Wednesday, August 13, 2008

We have been in gustatory heaven for the last couple of weeks.  Our tomatoes have produced a nice crop though not without problems.  The violent storm of this time last week provided more than enough water for several days but I added more almost drowning the poor things.  I was too used to the struggle earlier in the season of keeping them well enough watered and did not shift my thinking quickly enough to meet new conditions.  We bought one tomato this season from one of the local farmers' market stands and haven't needed to augment our own supply since.  That tomato and our own have been absolute ambrosia.  Mom smiles every time we comment on how good they are.  Fried green, cooked as salsa, diced on salads or sliced with cottage cheese--any way we want they are fantastic.  We had forgotten how good they could taste.

On our first visit to that little farm stand mentioned above we also bought six ears of corn. Most have gone into the freezer but we indulged in a couple of ears for supper.  Nothing tops boiled corn on the cob dripping with margarine and salt unless it is combined with sliced vine ripened tomatoes.

We have been seriously disappointed in supermarket food over the last couple of years.  I can't count how many times Mom has looked at me over the dinner table and asked if it was her 'taster' or was something off about the flavor.  We didn't buy any tomatoes last year.  Too expensive and no flavor.  We thought we would expand the fruit in our diet and purchased a bag each of frozen peaches and mixed fruits.  Both were abysmal.  The peaches were tasteless rocks and remained so after Mom, in a fit of disgust, baked them in a pie.  We couldn't tell what fruits were which in the mixed batch because they all tasted the same.  Mom is going to cook the hell out of them and make a topping for short cake or pound cake.  We can't quite bring ourselves to throw them away.  The fresh peaches in the grocery store are hard and don't smell like peach.  But the ones we got at the farmer's stand were lush, juicy and tender.  They made a wonderful peach pie.  I can hardly wait till the apples come in and we won't buy them from the supermarket.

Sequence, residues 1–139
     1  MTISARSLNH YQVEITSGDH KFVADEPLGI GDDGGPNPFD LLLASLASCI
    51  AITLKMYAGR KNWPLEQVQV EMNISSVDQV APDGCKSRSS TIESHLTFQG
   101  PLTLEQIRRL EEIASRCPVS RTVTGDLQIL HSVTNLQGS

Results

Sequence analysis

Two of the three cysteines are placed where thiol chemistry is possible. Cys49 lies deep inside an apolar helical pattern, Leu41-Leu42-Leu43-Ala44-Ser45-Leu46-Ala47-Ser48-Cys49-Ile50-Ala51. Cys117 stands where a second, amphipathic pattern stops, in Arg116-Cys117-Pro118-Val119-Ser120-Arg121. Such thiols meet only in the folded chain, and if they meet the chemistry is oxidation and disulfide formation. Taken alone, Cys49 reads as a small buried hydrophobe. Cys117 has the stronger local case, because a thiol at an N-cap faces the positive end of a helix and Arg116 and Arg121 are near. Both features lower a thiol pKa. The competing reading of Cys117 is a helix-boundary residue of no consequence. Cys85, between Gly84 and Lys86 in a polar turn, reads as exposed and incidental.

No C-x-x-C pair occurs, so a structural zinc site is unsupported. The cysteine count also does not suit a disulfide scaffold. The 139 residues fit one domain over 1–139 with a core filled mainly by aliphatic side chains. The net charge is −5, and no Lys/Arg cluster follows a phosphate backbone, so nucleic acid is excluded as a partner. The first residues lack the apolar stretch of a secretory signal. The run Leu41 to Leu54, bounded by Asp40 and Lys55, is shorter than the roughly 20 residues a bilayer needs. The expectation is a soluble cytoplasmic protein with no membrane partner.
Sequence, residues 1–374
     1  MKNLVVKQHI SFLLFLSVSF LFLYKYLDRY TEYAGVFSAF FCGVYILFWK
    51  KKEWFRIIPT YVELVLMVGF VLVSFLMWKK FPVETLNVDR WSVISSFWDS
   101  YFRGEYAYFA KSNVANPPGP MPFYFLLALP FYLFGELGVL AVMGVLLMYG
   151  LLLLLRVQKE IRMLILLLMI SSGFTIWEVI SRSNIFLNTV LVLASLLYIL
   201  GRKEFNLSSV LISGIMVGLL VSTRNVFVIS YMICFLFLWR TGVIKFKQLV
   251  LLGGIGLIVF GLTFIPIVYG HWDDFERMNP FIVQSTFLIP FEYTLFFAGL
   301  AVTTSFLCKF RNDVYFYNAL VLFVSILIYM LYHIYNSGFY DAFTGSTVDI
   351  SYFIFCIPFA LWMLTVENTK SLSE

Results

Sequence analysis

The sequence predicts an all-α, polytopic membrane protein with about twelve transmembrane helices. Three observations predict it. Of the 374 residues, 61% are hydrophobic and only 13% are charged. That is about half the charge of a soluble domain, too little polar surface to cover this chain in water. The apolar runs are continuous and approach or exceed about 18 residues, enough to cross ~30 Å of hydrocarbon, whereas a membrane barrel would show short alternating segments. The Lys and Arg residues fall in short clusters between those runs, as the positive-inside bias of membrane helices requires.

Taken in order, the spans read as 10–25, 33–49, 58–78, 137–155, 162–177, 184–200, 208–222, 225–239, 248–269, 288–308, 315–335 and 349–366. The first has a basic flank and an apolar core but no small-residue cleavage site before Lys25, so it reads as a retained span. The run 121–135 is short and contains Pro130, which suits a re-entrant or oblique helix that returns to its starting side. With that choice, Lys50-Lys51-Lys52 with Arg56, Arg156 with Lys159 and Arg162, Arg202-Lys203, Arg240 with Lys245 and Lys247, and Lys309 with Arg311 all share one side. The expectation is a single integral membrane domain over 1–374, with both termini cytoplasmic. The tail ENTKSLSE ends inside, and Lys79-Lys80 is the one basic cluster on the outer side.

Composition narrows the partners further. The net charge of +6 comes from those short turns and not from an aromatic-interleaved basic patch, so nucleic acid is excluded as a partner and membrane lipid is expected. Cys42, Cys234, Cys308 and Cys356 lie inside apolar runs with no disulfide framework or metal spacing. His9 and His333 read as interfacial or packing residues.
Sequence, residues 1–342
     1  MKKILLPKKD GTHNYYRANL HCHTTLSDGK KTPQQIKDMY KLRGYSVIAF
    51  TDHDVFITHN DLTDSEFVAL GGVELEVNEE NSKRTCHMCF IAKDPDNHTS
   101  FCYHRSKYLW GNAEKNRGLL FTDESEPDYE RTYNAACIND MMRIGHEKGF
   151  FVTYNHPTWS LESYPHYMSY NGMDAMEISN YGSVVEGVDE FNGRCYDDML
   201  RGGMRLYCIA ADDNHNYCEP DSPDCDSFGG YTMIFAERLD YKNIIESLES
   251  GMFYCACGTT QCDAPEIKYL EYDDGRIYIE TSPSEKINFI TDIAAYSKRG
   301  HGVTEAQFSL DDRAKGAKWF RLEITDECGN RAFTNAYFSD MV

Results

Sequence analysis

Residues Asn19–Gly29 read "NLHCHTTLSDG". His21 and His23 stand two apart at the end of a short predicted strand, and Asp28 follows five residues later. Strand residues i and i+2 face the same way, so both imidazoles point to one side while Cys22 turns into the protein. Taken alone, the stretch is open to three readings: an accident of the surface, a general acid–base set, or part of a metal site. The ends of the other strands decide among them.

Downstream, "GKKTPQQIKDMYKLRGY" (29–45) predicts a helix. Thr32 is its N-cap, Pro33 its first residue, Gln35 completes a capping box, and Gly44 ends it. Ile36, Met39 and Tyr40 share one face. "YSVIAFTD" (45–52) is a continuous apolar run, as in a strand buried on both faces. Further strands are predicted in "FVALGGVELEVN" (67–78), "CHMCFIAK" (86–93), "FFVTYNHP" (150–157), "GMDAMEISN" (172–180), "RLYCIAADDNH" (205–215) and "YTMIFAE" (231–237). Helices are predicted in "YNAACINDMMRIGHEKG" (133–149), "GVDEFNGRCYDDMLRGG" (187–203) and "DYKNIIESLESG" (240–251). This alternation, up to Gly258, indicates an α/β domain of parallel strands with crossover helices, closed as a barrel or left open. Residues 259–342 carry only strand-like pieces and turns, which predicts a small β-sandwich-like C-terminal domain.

We are already planning our patio garden for next year.

On the theme of food, a blogger I recently found, Vivian at Off The Grid, posted a piece entitled 'Oh, We're So Fat.' (July 24)  She notes that Mississippi tops the list of the fatest states but then continues with praise for good foods most of us have forgotten--luscious biscuits, barbecue, cornbread.  There is nothing wrong with those foods.  What is wrong is a lifestyle light on healthy exercise and long on boredom and/or stress and then combined with highly processed foods touted as low calorie, low fat, low whatever is the bad nutrient of the week. 



Elaine said...

RE: your comment why we're so fat, I do agree with you but would like to add to the list....PORTION SIZES are way out of contol to the extent that most people do not even know what a normal portion size should be.

You can tell we're both from the midwest (originally OH here)corn on the cob and fresh tomatoes is a summer staple with us and has been since childhood. Nothing better :-)

MaryContrary said...

I agree, Elaine. The portion sizes are out of control. Mom and I did not realize how out of control until we realized we could not eat all of the portions we got at restaurants. Now we eat half and bring home half for the next day. Even what we put on our plates at home is cut way down. But on the other side of the equation, we found that many of the portion sizes on packages were way too small. A quarter of a cup for nuts?? 18 potato chips?? I think the manufacturers choose the portion size to give an unrealistically low calorie count.